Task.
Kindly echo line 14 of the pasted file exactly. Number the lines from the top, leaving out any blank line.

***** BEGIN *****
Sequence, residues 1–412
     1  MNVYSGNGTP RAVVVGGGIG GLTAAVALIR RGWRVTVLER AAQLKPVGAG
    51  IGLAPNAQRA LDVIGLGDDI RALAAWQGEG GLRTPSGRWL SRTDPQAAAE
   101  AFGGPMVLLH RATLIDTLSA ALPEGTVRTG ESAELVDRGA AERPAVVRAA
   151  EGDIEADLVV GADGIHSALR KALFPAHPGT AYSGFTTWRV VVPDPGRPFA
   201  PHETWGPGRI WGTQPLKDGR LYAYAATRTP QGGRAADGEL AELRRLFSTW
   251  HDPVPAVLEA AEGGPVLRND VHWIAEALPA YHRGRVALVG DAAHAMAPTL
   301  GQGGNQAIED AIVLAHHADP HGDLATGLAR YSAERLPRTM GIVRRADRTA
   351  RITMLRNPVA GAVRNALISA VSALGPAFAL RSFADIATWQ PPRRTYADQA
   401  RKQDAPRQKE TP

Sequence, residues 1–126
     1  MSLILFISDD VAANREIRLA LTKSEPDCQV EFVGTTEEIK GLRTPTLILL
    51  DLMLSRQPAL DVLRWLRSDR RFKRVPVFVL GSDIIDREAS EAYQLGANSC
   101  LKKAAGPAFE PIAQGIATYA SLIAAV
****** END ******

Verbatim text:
   101  LKKAAGPAFE PIAQGIATYA SLIAAV